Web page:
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abstract = "Background: We hypothesized that metastasis beyond the sentinel lymph nodes (SLN) to the nonsentinel nodes (NSN) is an important predictor of survival. Materials and methods: Analysis was performed of a prospective multi-institutional study that included patients with melanoma ≥1.0 mm in Breslow thickness. All patients underwent SLN biopsy; completion lymphadenectomy was performed for all SLN metastases. Disease-free survival (DFS) and overall survival (OS) were computed by Kaplan-Meier analysis; univariate and multivariate analyses were performed to identify factors associated with differences in survival among groups. Results: A total of 2335 patients were analyzed over a median follow-up of 68 months. We compared 3 groups: SLN negative (n = 1988), SLN-only positive (n = 296), and both SLN and NSN positive (n = 51). The 5-year DFS rates were 85.5, 64.8, and 42.6{\%} for groups 1, 2, and 3, respectively (P < 0.001). The 5-year OS rates were 85.5, 64.9, and 49.4{\%}, respectively (P < 0.001). On univariate analysis, predictors of decreased OS included: SLN metastasis, NSN metastasis, increased total number of positive LN, increased ratio of positive LN to total LN, increased age, male gender, increased Breslow thickness, presence of ulceration, Clark level ≥ IV, and axial primary site (in all cases, P < 0.01). When the total number of positive LN and NSN status were evaluated using multivariate analysis, NSN status remained statistically significant (P < 0.01), while the total number of positive LN and LN ratio did not. Conclusions: NSN melanoma metastasis is an independent prognostic factor for DFS and OS, which is distinct from the number of positive lymph nodes or the lymph node ratio.",
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T1 - The prognostic significance of nonsentinel lymph node metastasis in melanoma

AU - Brown, Russell E.

AU - Ross, Merrick I.

AU - Edwards, Michael J.

AU - Noyes, R. Dirk

AU - Reintgen, Douglas S.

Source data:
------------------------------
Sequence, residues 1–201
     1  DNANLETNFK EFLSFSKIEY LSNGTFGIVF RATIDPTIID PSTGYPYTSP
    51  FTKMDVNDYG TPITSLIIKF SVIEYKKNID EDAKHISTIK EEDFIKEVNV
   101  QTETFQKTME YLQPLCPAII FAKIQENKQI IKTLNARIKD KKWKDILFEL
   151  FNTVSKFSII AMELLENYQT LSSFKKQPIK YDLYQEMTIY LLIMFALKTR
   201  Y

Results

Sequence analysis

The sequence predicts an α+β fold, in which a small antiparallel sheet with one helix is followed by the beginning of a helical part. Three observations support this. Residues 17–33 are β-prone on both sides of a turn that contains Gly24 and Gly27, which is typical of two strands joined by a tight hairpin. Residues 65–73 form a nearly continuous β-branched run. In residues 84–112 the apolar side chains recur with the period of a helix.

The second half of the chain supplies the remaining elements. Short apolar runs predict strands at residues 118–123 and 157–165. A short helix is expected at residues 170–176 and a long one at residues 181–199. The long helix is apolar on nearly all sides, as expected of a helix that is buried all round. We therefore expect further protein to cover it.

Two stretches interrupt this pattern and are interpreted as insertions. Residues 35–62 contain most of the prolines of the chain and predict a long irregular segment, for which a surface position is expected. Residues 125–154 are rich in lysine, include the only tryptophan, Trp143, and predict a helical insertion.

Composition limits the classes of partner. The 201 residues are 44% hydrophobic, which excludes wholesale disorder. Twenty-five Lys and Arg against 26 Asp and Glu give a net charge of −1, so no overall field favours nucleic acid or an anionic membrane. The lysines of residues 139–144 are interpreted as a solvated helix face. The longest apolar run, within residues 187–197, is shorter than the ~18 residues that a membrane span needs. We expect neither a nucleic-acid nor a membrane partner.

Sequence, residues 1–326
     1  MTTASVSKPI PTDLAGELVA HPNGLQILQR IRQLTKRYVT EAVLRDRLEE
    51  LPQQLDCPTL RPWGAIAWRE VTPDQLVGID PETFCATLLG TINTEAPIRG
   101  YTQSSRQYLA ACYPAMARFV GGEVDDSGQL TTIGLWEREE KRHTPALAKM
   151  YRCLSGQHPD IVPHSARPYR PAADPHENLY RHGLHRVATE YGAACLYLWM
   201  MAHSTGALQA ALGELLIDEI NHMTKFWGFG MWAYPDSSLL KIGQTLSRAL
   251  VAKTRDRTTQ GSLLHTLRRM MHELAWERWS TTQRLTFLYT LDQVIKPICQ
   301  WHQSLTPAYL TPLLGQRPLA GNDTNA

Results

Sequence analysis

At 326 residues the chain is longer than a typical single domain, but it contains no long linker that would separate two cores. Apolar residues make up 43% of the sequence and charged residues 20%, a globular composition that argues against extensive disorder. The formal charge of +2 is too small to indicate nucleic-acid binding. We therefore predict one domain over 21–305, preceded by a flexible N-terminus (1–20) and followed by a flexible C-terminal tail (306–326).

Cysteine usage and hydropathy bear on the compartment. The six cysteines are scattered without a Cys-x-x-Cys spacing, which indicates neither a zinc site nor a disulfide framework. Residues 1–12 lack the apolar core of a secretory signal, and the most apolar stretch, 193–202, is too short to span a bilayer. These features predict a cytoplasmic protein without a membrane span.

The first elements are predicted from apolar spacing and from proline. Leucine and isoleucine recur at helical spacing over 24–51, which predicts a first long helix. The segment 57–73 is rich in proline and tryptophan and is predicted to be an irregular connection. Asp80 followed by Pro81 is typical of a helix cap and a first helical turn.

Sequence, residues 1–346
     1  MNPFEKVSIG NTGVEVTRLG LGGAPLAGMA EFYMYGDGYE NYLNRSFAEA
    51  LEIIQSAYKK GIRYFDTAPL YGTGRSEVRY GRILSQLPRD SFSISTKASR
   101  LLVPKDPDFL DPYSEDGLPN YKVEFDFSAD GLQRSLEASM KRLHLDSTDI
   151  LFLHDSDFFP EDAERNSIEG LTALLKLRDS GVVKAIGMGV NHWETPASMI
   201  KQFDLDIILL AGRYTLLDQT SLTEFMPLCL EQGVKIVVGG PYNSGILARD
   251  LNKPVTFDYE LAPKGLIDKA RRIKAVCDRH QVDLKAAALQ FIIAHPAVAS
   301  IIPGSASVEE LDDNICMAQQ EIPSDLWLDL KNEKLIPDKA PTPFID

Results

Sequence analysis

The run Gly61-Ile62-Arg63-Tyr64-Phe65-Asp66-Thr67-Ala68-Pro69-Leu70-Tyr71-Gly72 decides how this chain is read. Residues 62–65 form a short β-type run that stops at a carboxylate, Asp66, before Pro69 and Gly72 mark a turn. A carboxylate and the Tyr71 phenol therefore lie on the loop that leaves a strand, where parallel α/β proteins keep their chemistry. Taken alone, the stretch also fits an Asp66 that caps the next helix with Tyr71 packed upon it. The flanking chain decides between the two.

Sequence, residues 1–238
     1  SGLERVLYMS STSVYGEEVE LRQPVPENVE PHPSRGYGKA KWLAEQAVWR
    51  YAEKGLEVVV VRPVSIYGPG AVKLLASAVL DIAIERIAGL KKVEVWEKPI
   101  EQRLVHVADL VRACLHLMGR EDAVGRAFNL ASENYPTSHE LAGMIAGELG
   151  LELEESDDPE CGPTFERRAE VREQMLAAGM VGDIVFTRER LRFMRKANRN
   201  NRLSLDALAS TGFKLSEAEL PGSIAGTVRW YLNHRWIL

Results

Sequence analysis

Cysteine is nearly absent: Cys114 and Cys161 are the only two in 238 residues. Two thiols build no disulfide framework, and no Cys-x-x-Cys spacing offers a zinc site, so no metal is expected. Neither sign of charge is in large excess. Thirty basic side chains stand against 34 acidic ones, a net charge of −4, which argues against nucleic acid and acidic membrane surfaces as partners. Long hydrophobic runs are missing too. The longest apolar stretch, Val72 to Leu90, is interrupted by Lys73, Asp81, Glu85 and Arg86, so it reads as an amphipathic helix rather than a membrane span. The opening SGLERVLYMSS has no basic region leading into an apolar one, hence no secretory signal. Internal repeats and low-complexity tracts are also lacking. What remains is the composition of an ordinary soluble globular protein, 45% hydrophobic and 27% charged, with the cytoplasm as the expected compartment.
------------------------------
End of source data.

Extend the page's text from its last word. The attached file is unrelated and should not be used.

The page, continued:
AU - Hagendoorn, Lee J.

AU - Stromberg, Arnold J.

AU - Martin, Robert C.G.

AU - McMasters, Kelly M.

AU - Scoggins, Charles R.

PY - 2010/12/1

Y1 - 2010/12/1

N2 - Background: We hypothesized that metastasis beyond the sentinel lymph nodes (SLN) to the nonsentinel nodes (NSN) is an important predictor of survival. Materials and methods: Analysis was performed of a prospective multi-institutional study that included patients with melanoma ≥1.0 mm in Breslow thickness. All patients underwent SLN biopsy; completion lymphadenectomy was performed for all SLN metastases. Disease-free survival (DFS) and overall survival (OS) were computed by Kaplan-Meier analysis; univariate and multivariate analyses were performed to identify factors associated with differences in survival among groups. Results: A total of 2335 patients were analyzed over a median follow-up of 68 months. We compared 3 groups: SLN negative (n = 1988), SLN-only positive (n = 296), and both SLN and NSN positive (n = 51). The 5-year DFS rates were 85.5, 64.8, and 42.6% for groups 1, 2, and 3, respectively (P < 0.001). The 5-year OS rates were 85.5, 64.9, and 49.4%, respectively (P < 0.001). On univariate analysis, predictors of decreased OS included: SLN metastasis, NSN metastasis, increased total number of positive LN, increased ratio of positive LN to total LN, increased age, male gender, increased Breslow thickness, presence of ulceration, Clark level ≥ IV, and axial primary site (in all cases, P < 0.01). When the total number of positive LN and NSN status were evaluated using multivariate analysis, NSN status remained statistically significant (P < 0.01), while the total number of positive LN and LN ratio did not. Conclusions: NSN melanoma metastasis is an independent prognostic factor for DFS and OS, which is distinct from the number of positive lymph nodes or the lymph node ratio.

AB - Background: We hypothesized that metastasis beyond the sentinel lymph nodes (SLN) to the nonsentinel nodes (NSN) is an important predictor of survival. Materials and methods: Analysis was performed of a prospective multi-institutional study that included patients with melanoma ≥1.0 mm in Breslow thickness. All patients underwent SLN biopsy; completion lymphadenectomy was performed for all SLN metastases. Disease-free survival (DFS) and overall survival (OS) were computed by Kaplan-Meier analysis; univariate and multivariate analyses were performed to identify factors associated with differences in survival among groups. Results: A total of 2335 patients were analyzed over a median follow-up of 68 months. We compared 3 groups: SLN negative (n = 1988), SLN-only positive (n = 296), and both SLN and NSN positive (n = 51). The 5-year DFS rates were 85.5, 64.8, and 42.6% for groups 1, 2, and 3, respectively (P < 0.001). The 5-year OS rates were 85.5, 64.9, and 49.4%, respectively (P < 0.001). On univariate analysis, predictors of decreased OS included: SLN metastasis, NSN metastasis, increased total number of positive LN, increased ratio of positive LN to total LN, increased age, male gender, increased Breslow thickness, presence of ulceration, Clark level ≥ IV, and axial primary site (in all cases, P < 0.01). When the total number of positive LN and NSN status were evaluated using multivariate analysis, NSN status remained statistically significant (P < 0.01), while the total number of positive LN and LN ratio did not. Conclusions: NSN melanoma metastasis is an independent prognostic factor for DFS and OS, which is distinct from the number of positive lymph nodes or the lymph node ratio.